"It is one of the most important, if not the most important, policy initiatives by this government" toward Latin America in history, says Otto Reich, a trade consultant and former US ambassador to Venezuela.

Bush argues that trade is why his abiding interest in global diplomacy matters to American pocketbooks. "Make no mistake," Bush said in February, "the future growth of the United States economy depends on expanding mutual investment and trade with our neighbors in the Americas." It will "create new jobs and raise the quality of life for people in Syracuse and St. Louis as well as Sao Paulo and Santiago."

US exports worldwide have in fact risen throughout the current recession, 7.2 percent last year, cushioning Americans against the fall in domestic demand.

The Bush administration can claim a little credit for the export boom, driven mostly by low dollar value. Trade negotiators may have cut several hundred million dollars from the $43 billion-and-still-growing US trade deficit with Japan, says William Cline of the Institute for International Economics.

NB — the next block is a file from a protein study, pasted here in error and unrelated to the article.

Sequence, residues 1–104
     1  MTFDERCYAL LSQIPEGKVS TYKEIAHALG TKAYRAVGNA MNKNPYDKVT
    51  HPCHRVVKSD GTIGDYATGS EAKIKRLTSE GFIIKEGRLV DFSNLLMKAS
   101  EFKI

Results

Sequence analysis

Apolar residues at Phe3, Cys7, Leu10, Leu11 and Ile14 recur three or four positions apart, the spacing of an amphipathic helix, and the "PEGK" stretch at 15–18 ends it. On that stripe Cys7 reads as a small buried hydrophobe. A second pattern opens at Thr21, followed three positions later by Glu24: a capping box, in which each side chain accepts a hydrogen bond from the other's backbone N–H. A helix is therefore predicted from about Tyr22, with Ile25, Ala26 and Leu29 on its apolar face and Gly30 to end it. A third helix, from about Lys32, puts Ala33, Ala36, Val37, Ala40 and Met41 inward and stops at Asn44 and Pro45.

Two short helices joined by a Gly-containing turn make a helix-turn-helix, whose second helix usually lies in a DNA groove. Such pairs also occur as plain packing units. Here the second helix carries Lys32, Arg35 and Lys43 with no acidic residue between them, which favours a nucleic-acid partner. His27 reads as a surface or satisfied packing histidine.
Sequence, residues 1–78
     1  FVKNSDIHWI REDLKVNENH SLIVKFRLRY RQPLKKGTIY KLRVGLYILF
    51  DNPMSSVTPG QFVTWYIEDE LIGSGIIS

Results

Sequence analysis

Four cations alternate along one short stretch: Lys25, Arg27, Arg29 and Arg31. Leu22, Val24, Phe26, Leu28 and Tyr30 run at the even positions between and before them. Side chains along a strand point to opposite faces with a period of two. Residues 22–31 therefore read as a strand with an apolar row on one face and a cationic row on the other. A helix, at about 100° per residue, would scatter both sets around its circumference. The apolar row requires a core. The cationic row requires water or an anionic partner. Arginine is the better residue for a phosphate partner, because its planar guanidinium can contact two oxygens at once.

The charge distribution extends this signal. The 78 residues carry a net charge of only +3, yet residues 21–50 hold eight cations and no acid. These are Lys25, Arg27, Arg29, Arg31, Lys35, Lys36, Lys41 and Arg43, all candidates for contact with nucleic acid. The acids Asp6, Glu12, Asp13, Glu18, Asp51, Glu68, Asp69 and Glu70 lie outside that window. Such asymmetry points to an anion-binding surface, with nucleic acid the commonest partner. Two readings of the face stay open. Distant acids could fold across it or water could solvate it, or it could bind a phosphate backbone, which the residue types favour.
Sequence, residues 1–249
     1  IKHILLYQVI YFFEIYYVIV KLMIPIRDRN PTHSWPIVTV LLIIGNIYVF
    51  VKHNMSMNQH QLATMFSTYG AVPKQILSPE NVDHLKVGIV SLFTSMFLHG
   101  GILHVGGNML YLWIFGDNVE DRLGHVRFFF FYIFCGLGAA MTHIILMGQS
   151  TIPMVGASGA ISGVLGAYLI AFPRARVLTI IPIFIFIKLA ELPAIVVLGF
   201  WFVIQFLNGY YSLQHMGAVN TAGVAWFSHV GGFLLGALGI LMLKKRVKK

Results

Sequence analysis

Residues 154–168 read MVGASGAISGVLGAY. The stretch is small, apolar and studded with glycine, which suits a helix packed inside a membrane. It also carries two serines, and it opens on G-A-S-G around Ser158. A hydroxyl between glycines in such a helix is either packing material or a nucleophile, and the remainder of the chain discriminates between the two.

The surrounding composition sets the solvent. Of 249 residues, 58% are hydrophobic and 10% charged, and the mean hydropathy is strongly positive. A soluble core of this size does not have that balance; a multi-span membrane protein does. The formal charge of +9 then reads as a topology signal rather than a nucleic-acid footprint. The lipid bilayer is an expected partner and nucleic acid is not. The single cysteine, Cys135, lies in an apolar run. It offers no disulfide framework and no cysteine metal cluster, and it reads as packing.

Many of the closest observers of trade policy credit Bush with strong free-trade rhetoric and genuine free-trade instincts, but note that his convictions are not strong enough to resist distraction and drift under political pressure.

Gary Clyde Hufbauer, a trade economist at Georgetown University, cites Bush for a policy of drift that has not gone unnoticed by US trading partners. Bush is for free trade when the political costs are not too high, he says. In the years when Bush's popularity was invincible, he adds, "he had chits to burn, and he did not burn them on the international trading system."

Even on his Enterprise for the Americas Initiative for knitting together the hemisphere through commerce, Bush draws complaints about his lack of follow-through. If global support for liberalizing trade falters, notes Anne Krueger, a Duke University economist, "the NAFTA thing [freeing trade between the US and Mexico] could drive the world into trading blocs, and that's scary."

"The president has not invested very much of himself in the programs he would like to see enacted," says Mr. Frenzel.

When Bush attends a summit meeting, he "almost never" takes along trade negotiators or his Commerce secretary, says Frenzel. But geopolitical advisers and defense experts usually accompany him.